The Porsche 718, a mid-engined roadster that embodies the automaker’s motorsport history in a modern package, will go all-electric by 2025.
Announced at Porsche’s annual meeting, the 718 EV is part of the company’s ambitious and recently expanded plans to electrify its fleet. The company said Friday that it wants 80% of all new sales to come from all-electric vehicles by 2030.
“We have a very flexible engine strategy due to the different rates of change in different regions of the world,” Bloom said. “We are committed to emotional combustion engines, powerful plug-in hybrids, sport hybrids and all-electric vehicles.” He stated that some models will be offered with different parallel powertrains and stressed that the 911 will continue to be offered with an internal combustion engine.
The Porsche 718 EV, which will be the third all-electric vehicle in its portfolio, follows the all-electric Taycan, which debuted in 2019, and the upcoming Macan.
The new sales target may not be met due to the growing popularity of the Taycan and its many modifications. The all-electric Macan and 718 EV will help close that gap, business leaders said at a briefing ahead of the annual meeting. The company also said Friday that it plans to build its own network of electric vehicle charging stations with seating areas where customers can work or drink coffee while waiting for batteries to be charged.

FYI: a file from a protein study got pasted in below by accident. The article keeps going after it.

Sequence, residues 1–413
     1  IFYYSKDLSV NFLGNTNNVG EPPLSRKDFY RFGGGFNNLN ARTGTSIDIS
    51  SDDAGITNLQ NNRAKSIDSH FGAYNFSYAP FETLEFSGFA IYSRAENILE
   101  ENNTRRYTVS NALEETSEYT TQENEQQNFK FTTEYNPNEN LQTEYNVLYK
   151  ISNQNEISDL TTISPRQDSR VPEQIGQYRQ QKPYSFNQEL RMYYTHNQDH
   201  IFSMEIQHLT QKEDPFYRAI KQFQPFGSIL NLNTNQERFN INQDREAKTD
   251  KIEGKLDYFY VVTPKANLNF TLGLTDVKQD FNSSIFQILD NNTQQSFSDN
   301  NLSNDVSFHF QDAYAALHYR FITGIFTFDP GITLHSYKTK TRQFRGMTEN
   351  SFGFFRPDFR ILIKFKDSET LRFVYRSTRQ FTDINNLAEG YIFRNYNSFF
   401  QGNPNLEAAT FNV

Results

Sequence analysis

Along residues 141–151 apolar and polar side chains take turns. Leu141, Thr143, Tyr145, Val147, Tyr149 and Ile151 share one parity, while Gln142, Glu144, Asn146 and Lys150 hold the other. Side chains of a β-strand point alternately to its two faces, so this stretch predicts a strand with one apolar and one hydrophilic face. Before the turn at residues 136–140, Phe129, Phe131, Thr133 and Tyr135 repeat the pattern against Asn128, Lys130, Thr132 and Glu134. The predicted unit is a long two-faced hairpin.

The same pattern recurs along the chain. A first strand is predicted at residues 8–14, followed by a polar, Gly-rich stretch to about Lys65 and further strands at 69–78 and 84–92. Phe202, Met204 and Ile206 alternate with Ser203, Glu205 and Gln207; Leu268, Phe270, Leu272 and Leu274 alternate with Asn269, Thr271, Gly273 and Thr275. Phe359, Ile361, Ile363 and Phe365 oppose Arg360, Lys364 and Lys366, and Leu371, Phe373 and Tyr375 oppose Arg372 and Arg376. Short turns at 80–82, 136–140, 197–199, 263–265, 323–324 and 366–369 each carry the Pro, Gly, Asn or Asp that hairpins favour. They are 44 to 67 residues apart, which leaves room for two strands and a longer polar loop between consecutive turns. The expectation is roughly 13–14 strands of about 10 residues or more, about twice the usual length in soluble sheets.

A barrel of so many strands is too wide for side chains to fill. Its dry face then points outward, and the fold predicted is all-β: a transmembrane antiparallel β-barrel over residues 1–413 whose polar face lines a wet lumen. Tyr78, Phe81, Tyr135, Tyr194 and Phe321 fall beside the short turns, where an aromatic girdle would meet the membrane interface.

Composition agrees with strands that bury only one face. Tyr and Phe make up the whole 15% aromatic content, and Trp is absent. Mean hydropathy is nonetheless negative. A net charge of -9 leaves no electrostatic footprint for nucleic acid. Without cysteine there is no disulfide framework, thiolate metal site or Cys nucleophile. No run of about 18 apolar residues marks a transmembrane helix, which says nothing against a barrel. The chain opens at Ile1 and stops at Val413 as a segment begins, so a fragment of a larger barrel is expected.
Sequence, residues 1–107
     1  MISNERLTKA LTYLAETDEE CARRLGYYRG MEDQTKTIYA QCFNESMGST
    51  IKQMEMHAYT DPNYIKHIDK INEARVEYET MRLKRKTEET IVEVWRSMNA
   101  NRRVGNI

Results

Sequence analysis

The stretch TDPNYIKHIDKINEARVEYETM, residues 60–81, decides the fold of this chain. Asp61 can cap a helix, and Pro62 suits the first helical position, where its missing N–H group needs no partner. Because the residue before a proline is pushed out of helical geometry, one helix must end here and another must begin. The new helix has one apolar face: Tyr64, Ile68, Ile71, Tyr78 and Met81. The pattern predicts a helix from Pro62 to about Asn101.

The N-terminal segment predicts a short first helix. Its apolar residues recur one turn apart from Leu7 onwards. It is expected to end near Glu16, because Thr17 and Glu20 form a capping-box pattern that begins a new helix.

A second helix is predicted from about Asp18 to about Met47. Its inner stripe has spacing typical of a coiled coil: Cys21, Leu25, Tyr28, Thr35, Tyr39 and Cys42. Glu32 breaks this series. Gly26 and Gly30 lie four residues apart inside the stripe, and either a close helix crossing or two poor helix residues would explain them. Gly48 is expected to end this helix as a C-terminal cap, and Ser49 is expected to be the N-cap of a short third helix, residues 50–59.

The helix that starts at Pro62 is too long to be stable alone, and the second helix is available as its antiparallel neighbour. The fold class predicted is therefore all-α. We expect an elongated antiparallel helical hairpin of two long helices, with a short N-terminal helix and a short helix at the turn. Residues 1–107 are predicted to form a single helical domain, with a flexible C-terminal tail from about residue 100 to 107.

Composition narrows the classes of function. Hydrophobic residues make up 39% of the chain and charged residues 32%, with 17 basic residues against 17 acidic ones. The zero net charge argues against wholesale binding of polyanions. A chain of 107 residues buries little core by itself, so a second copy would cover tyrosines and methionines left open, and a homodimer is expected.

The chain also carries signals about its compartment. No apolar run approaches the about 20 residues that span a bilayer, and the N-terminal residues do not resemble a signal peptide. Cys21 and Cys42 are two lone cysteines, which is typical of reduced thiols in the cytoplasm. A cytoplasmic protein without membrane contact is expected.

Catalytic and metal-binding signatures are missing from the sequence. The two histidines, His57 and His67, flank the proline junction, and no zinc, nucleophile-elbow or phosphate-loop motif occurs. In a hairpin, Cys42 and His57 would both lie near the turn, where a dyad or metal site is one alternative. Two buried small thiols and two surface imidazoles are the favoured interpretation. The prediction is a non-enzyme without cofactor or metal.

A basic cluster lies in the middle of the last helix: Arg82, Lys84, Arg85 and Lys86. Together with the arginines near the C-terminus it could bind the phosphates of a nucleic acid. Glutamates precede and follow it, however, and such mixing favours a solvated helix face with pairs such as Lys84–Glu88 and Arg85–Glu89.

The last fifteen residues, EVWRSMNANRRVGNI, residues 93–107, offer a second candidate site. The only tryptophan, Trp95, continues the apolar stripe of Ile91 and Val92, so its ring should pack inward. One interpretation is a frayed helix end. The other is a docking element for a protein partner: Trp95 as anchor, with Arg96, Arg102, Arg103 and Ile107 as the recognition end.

Macan, as previously planned, will first appear in Europe in 2023, and then in the US in 2024. Porsche CEO Oliver Bloom has said the 718 EV will debut in 2025. The Macan will be based on the Premium Platform Electric (PPE), an architecture that Porsche and Audi first began developing in 2018.
Porsche is developing a special configuration for the 718 EV, which Bloom says will also feature an 800-volt system like the Tekken that will provide one of the fastest charging speeds in the industry.
This will not be Porsche’s only problem. Bloom said his strategy is to build two cars on the same production line using the same components in the 718 and 911.
“It’s a different platform, but with the same modules as our 911 two-door sports car,” he said.
Porsche said it also plans to release a hybrid version of the iconic 911 sports car. It will not be a plug-in hybrid, but a sports hybrid similar in technology to the Porsche 919 Hybrid that raced and won Le Mans.